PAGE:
bamboos planted. Much is still there: the gardens now overgrown and dense, and from the moor itself the natural lie of the land looks almost distorted, so heavy and almost alien are his woods encroaching upon it.

In the 1880s there was no electricity; peat gave out a pale heat from the narrow Victorian fireplaces. It was cold beyond belief. Several weeks each year the moorland houses were cut off by snowdrifts from Chagford, twenty minutes away by horse. When the snow ended, it rained. With three times the rainfall of the Southern Counties, Dartmoor seemed to drip, perpetually sodden. There was little to do but walk or ride. One afternoon Robert came home to find the house shuttered up, the lamps and candles lit and Flora reading, with desperate intensity. The south-west wind had been blowing ceaselessly for three days; she had walked or ridden morning and afternoon until there were no more dry tweeds. Then she had given up.

The Starks had been married thirteen years before Freya, their first surviving child, was born in Paris on 31 January 1893. Even so, her arrival was unexpected, for she came at seven months ‘in the middle of Bohemia … with not a garment ready to receive me’, so that Robert Stark and a student painter friend, Herbert Young, had to hasten off
to the Galeries Lafayette for some clothes. It was one of the rare periods of harmony in the Stark marriage. Both Robert and Flora were good painters (a rhinoceros sculpted by him is in the Tate); Flora had been studying at Julien’s atelier in Paris and had not long before received a medal for a picture in the Salon. She had learnt to ride a bicycle, wearing bloomers. A year later came a second daughter, Vera.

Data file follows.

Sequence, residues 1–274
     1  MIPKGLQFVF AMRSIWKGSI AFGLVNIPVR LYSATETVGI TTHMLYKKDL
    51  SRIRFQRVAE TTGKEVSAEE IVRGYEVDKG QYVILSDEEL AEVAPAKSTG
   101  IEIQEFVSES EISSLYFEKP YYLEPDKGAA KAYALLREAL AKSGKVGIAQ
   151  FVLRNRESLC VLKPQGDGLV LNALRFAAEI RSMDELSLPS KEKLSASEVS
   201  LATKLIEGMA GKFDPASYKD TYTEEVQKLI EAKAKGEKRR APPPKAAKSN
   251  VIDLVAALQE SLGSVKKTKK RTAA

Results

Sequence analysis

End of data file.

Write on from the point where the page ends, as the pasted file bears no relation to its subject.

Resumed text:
Frequent moves made Flora’s life just tolerable. There were escapes to London, where she played the piano and was invited into the St John’s Wood artists’ circle. There were nearly three years in a drab small villa in Farnham, so very preferable to the wet moors, and there were many expeditions to Genoa. The girls had governesses, most memorably a German girl who sang songs to them in the firelight sitting on the floor, and wore blue-and-white striped cotton blouses. Later came la Contessina, of impoverished Italian nobility, whom they loved and trampled on. Vera, with thick pigtails and pink cheeks, was good; Freya, a ‘sort of byword for naughtiness’. Despite the governesses the girls remained wild, little educated and without other companions. They wore long ribbed woollen stockings, and got holes in them. They climbed trees. On Dartmoor, there were occasional